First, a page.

Documenting the Coming Singularity

Sunday, October 12, 2008

Goldmine bug DNA may be key to alien life

NewScientist - October 9, 2008, by Catherine Brahic

A bug discovered deep in a goldmine and nicknamed "the bold traveller" has got astrobiologists buzzing with excitement. Its unique ability to live in complete isolation of any other living species suggests it could be the key to life on other planets.

A community of the bacteria Candidatus Desulforudis audaxviator has been discovered 2.8 kilometres beneath the surface of the Earth in fluid-filled cracks of the Mponeng goldmine in South Africa. Its 60°C home is completely isolated from the rest of the world, and devoid of light and oxygen.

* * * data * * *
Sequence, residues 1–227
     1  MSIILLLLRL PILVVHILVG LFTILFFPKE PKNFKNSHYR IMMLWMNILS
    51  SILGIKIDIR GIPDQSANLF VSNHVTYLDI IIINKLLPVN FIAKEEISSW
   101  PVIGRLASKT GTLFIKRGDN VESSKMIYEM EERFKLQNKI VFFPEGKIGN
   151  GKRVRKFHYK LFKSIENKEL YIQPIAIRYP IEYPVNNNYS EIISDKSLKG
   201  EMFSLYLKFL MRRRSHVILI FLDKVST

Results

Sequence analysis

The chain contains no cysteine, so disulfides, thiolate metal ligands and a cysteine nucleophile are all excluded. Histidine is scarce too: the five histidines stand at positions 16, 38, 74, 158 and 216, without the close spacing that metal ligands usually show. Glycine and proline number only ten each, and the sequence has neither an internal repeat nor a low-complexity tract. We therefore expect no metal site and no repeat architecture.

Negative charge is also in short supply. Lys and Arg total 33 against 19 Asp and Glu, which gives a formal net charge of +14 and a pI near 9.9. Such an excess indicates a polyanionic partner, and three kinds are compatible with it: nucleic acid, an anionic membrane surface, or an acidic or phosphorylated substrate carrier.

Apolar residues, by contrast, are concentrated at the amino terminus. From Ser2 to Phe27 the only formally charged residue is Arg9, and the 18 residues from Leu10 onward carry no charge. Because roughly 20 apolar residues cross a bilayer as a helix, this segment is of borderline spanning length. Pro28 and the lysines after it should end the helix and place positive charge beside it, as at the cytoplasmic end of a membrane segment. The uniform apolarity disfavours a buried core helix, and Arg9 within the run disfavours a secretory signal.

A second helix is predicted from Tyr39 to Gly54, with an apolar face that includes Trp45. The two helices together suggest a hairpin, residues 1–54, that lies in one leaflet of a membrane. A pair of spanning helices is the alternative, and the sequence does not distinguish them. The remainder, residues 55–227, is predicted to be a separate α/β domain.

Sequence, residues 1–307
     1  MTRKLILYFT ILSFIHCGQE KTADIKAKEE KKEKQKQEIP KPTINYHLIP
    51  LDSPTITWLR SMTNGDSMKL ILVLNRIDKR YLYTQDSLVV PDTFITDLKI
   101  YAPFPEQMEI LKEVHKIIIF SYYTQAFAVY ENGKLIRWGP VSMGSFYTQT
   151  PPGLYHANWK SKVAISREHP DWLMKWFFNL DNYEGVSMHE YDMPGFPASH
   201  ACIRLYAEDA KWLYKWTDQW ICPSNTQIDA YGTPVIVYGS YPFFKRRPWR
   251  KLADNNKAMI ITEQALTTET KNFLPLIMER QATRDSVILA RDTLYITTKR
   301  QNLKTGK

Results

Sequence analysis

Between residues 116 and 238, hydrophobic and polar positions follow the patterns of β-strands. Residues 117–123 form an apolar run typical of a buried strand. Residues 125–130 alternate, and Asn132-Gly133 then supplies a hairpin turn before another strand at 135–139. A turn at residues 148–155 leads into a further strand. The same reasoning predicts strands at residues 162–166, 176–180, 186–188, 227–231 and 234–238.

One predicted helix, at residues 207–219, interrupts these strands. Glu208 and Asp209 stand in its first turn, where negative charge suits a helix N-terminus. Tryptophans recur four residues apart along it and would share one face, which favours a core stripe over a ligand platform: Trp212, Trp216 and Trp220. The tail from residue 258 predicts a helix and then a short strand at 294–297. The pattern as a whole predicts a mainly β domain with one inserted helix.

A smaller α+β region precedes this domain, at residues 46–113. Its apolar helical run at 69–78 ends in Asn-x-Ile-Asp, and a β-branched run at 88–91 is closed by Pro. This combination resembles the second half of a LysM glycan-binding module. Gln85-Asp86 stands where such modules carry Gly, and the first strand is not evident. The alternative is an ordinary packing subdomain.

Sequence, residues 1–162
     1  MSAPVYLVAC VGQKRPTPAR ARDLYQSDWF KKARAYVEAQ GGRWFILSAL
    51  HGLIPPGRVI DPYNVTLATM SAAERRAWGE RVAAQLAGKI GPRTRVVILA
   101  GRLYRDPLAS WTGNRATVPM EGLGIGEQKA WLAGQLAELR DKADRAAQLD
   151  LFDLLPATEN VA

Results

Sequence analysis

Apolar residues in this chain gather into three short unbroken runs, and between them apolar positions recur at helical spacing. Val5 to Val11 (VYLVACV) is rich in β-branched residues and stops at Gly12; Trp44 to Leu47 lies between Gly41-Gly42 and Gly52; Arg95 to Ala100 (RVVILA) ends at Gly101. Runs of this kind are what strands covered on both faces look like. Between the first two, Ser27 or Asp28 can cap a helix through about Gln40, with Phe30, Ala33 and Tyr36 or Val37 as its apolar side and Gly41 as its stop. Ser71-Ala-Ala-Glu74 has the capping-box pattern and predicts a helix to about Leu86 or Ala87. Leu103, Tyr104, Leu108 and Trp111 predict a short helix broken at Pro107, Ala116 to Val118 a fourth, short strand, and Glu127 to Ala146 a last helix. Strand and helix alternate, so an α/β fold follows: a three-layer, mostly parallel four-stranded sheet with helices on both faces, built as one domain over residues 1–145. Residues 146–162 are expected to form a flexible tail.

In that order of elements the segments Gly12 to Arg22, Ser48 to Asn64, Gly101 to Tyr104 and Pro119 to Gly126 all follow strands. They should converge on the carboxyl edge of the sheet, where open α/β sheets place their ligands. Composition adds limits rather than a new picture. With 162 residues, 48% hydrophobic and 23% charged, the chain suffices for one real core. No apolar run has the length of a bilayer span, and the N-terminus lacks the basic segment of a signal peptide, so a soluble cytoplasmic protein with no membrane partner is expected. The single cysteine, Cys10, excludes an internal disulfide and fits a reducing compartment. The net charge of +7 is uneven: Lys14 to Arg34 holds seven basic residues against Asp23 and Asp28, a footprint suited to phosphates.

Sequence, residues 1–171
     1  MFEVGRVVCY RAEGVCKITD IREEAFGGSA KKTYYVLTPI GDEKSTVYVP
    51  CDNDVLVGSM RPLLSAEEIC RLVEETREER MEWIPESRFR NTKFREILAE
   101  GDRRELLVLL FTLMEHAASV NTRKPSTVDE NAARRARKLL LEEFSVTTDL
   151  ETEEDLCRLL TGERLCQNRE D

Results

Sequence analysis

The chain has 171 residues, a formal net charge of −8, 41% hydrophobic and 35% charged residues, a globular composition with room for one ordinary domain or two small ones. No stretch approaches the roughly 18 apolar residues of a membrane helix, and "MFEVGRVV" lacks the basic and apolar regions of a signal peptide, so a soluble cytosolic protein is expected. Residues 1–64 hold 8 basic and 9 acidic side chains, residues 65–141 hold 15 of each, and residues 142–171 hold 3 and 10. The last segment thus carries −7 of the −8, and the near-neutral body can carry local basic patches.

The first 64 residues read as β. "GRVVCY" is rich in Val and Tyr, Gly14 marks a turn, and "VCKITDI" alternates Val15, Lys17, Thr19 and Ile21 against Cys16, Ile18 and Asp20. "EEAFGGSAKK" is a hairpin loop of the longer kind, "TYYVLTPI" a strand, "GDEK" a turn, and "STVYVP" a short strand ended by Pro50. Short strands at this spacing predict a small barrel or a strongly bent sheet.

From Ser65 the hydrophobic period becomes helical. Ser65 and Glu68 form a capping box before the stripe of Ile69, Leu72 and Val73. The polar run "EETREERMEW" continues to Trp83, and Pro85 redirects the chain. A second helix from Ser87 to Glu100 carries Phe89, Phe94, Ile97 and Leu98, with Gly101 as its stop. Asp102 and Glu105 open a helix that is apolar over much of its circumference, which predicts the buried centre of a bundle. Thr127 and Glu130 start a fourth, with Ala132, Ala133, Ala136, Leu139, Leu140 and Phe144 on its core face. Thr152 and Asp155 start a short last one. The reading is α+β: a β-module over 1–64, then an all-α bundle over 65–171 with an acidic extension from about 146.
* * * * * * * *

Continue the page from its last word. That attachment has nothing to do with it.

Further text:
Dylan Chivian of the Lawrence Berkeley National Laboratory, California, studied the genes found in samples of the fluid to identify the organisms living within it, expecting to find a mix of species. Instead, he found that 99.9% of the DNA belonged to one bacterium, a new species. The remaining DNA was contamination from the mine and the laboratory.

"The fact that the community contains only one species stands one of the basic tenets of microbial ecology on its head," says Carl Pilcher, director of the NASA Astrobiology Institute, who was not involved in Chivian's DNA analysis but whose team made the initial discovery that there were microbes living in this particular fissure two years ago.

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